The 2017 adaptation of It, which is based on the novel of the same name written by Stephen King, features a perfect combination of thrills, comedy, and fear. The film also features iconic elements, like a gruesome clown, floating red balloons, and a superb quote that you won’t forget―”you’ll float too.” These aspects help to solidify It as both outstanding and iconic, but these aren’t the only reasons for this conclusion.

NOTE: This post may contain spoilers.


It begins when Bill creates a paper boat for his little brother, Georgie, who sets the boat afloat outside during a storm. Eventually, the boat falls into a sewer grate, and at this point, Georgie encounters Pennywise the Dancing Clown, who lures him toward his doom. When this segment concludes, the film cuts to a scene of Bill at school. This scene introduces Bill’s friends and begins to show the direction of the storyline in which Bill is searching for clues as to where his little brother may be. During the movie, the group of friends, self-called the “Losers’ Club,” each come across Pennywise in different forms, as Pennywise, also called “It,” is capable of shapeshifting―it doesn’t have a solid identity; this is why it is often referred to as “It.” Every 27 years, It awakens and feeds on the children of Derry, Maine using their fears or by transforming into their loved ones as a way to target them. It is doing just this with the members of the Losers’ Club, including Bill. Near the end of the film, however, the group learns that they are stronger together and are able to fight back against It. Their ability to work together and put aside their fears is how they defeat the creature . . . for now. After the events that took place in Derry, the group of kids makes a pledge to return to the town should It ever return, and this sets the stage for Chapter 2.

The storyline in the film, It, is solid from start to finish. As the horrific scene featured in the beginning wraps up, the film moves along with that event being the reason for the actions that follow; however, the storyline is much more than this. Throughout the film, the Losers’ Club isn’t just searching for clues to find Bill’s brother, who was killed by It. The group themselves encounter It through their worst fears, adding more to the storyline than just setting off on a quest, and each kid faces the burden of having to overcome their fears. This, I feel, not just builds the plot but makes it somewhat relatable. As children, we each fear something, whether we admit it or not, and that fear weakens us when we are confronted by it, rendering us ineffective. If we are able to overcome that fear, it gives a sense of strength, but if we have others to help us overcome that fear, it further strengthens us. This is exactly the case in this film. The ability to relate to the kids’ sentiments further enraptures you. Moreover, the film’s use of grief, terror, and courage in the storyline makes it truly captivating.

Shortly into the film, we are able to understand the personality of each character. We begin to understand who they are, what they’re like, and what they fear. It does an excellent job of getting you to know who each character is early into the film, wasting no time and giving the movie an advantage by allowing us to comprehend each event that unfolds. In addition to this, each character featured in It includes virtually any personality you can think of: characters who are daring, humorous, malicious, sensitive, serious, weak, strong, etc. While a film’s storyline is very important, so is its character development. The better the audience understands a character, the better the character development is, and if a character’s personality relates to an audience member, the better they are to get a grip on the film because they can connect with a character. It perfectly accomplishes both of these statements. The film doesn’t just seamlessly let the audience comprehend who each character is, but it also presents many characters with traits that audience members can relate to. The characters’ personalities also help to further promote the storyline.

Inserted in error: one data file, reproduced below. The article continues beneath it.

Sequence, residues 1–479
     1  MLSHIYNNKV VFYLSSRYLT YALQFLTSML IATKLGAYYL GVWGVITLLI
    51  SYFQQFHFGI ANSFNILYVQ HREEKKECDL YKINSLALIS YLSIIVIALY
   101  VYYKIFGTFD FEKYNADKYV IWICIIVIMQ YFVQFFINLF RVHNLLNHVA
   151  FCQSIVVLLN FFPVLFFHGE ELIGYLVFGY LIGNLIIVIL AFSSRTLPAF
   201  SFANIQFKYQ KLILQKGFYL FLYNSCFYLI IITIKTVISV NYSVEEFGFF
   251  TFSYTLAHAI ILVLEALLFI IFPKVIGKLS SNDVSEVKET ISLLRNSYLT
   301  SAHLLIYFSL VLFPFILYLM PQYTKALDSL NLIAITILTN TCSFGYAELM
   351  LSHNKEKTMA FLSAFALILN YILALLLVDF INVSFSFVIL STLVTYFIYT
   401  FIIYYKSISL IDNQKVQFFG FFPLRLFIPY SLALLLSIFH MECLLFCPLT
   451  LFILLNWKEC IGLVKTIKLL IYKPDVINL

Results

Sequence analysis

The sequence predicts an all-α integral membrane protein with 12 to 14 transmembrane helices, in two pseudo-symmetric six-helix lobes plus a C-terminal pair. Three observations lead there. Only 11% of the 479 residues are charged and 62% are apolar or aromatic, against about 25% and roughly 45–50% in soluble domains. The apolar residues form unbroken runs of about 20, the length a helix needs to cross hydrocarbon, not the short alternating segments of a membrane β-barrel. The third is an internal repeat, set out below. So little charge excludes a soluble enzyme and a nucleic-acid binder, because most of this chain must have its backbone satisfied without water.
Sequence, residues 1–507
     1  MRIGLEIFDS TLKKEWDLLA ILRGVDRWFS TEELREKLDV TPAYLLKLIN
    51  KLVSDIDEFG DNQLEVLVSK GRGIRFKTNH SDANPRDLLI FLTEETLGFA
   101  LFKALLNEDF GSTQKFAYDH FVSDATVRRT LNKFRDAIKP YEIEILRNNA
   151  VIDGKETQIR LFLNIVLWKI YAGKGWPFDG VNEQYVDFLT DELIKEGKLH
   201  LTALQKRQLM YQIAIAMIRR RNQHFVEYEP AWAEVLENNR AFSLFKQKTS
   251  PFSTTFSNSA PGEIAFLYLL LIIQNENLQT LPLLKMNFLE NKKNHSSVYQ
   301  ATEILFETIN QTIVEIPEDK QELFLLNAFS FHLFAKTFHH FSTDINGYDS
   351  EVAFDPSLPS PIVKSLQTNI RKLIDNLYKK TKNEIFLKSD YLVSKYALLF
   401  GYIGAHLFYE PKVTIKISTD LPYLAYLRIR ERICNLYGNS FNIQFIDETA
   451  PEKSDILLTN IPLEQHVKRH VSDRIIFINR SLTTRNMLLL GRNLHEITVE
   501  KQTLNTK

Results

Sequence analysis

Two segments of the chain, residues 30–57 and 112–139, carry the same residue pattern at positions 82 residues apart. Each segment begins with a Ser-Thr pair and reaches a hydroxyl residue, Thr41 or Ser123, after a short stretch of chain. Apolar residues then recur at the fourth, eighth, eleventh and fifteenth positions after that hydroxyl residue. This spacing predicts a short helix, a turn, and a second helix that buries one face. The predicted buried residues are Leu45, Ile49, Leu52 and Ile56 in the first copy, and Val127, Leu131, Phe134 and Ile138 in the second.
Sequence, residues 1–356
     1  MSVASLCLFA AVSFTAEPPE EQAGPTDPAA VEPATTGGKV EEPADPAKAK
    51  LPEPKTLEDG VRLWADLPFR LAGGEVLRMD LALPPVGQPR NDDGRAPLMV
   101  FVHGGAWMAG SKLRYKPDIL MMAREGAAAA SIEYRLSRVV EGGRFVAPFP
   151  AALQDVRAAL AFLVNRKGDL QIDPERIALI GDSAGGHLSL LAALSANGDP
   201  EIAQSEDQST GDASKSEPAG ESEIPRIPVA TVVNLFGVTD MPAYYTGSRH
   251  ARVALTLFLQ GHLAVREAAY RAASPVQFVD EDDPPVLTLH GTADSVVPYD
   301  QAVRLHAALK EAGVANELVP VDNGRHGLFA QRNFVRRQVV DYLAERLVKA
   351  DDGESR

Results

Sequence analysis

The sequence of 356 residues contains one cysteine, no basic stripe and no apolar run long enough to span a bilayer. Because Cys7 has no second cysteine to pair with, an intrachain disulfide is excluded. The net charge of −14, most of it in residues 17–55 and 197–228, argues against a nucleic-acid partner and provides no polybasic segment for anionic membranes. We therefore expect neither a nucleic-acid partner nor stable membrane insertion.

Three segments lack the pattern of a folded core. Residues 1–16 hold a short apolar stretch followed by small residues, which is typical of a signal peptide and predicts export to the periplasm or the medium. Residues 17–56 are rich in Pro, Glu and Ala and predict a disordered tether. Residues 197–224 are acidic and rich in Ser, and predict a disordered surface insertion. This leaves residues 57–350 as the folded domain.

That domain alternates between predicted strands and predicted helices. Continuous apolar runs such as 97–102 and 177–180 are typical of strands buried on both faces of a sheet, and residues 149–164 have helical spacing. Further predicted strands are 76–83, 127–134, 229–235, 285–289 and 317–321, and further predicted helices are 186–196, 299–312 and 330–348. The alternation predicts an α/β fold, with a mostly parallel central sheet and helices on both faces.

It isn’t solely a horror movie; it’s an adventure, drama, and thriller film. While It isn’t a scary movie, it plays on fears. I see It as a film that doesn’t scare you at the moment but rather psychologically; It tries to affect your mind by creating images of things we fear, thus, making us a target of It as the kids were in the movie. Though this film does include numerous jump scares, it honestly isn’t alarming. The production includes more comedy, actually, with a few disturbing figures. However, the movie’s incorporation of these elements makes it distinct. Though I do wish the movie included more horrifying moments, this didn’t necessarily downgrade it; the comedic factors, intriguing storyline, and superb character development made up for this. Aside from this, I do believe It as Pennywise should have spoken more than he did. Rather than consistently using computer graphic imaging during Pennywise’s appearances, the movie should have included additional lines for him, especially given the character’s popularity.

Overall, the 2017 version of It is a good film. It‘s mixture of different movie genres in addition to its well-produced storyline and amusing characters makes it compelling and entertaining.


John is an avid theme park fan who has a passion for journalism, photography, videography, digital art, and website designing. His goal is to provide in-depth information about topics that universally matter in entertainment and travel.


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